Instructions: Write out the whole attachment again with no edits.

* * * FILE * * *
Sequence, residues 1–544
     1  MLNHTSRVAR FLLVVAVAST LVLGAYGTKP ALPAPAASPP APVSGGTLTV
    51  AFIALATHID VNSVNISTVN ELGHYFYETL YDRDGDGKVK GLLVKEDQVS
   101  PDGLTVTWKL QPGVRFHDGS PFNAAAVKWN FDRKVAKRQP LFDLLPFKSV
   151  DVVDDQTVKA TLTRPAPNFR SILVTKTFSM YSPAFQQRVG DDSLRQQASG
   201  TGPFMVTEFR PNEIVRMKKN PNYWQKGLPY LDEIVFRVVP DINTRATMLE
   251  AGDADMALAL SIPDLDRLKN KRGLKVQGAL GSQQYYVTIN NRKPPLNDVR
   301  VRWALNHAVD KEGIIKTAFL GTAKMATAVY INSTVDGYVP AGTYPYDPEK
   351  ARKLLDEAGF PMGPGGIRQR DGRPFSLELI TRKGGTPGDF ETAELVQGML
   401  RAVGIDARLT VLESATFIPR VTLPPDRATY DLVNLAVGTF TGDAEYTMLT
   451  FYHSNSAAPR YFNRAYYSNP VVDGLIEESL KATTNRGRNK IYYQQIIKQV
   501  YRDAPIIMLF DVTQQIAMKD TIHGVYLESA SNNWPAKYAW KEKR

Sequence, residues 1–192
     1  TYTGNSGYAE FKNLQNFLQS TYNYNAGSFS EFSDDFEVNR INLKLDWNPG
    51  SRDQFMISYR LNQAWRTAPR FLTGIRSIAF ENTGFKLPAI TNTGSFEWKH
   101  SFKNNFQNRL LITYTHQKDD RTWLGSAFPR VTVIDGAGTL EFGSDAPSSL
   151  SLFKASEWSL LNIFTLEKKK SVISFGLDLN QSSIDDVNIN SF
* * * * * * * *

Sequence, residues 1–544
     1  MLNHTSRVAR FLLVVAVAST LVLGAYGTKP ALPAPAASPP APVSGGTLTV
    51  AFIALATHID VNSVNISTVN ELGHYFYETL YDRDGDGKVK GLLVKEDQVS
   101  PDGLTVTWKL QPGVRFHDGS PFNAAAVKWN FDRKVAKRQP LFDLLPFKSV
   151  DVVDDQTVKA TLTRPAPNFR SILVTKTFSM YSPAFQQRVG DDSLRQQASG
   201  TGPFMVTEFR PNEIVRMKKN PNYWQKGLPY LDEIVFRVVP DINTRATMLE
   251  AGDADMALAL SIPDLDRLKN KRGLKVQGAL GSQQYYVTIN NRKPPLNDVR
   301  VRWALNHAVD KEGIIKTAFL GTAKMATAVY INSTVDGYVP AGTYPYDPEK
   351  ARKLLDEAGF PMGPGGIRQR DGRPFSLELI TRKGGTPGDF ETAELVQGML
   401  RAVGIDARLT VLESATFIPR VTLPPDRATY DLVNLAVGTF TGDAEYTMLT
   451  FYHSNSAAPR YFNRAYYSNP VVDGLIEESL KATTNRGRNK IYYQQIIKQV
   501  YRDAPIIMLF DVTQQIAMKD TIHGVYLESA SNNWPAKYAW KEKR

Sequence, residues 1–192
     1  TYTGNSGYAE FKNLQNFLQS TYNYNAGSFS EFSDDFEVNR INLKLDWNPG
    51  SRDQFMISYR LNQAWRTAPR FLTGIRSIAF ENTGFKLPAI TNTGSFEWKH
   101  SFKNNFQNRL LITYTHQKDD RTWLGSAFPR VTVIDGAGTL EFGSDAPSSL
   151  SLFKASEWSL LNIFTLEKKK SVISFGLDLN QSSIDDVNIN SF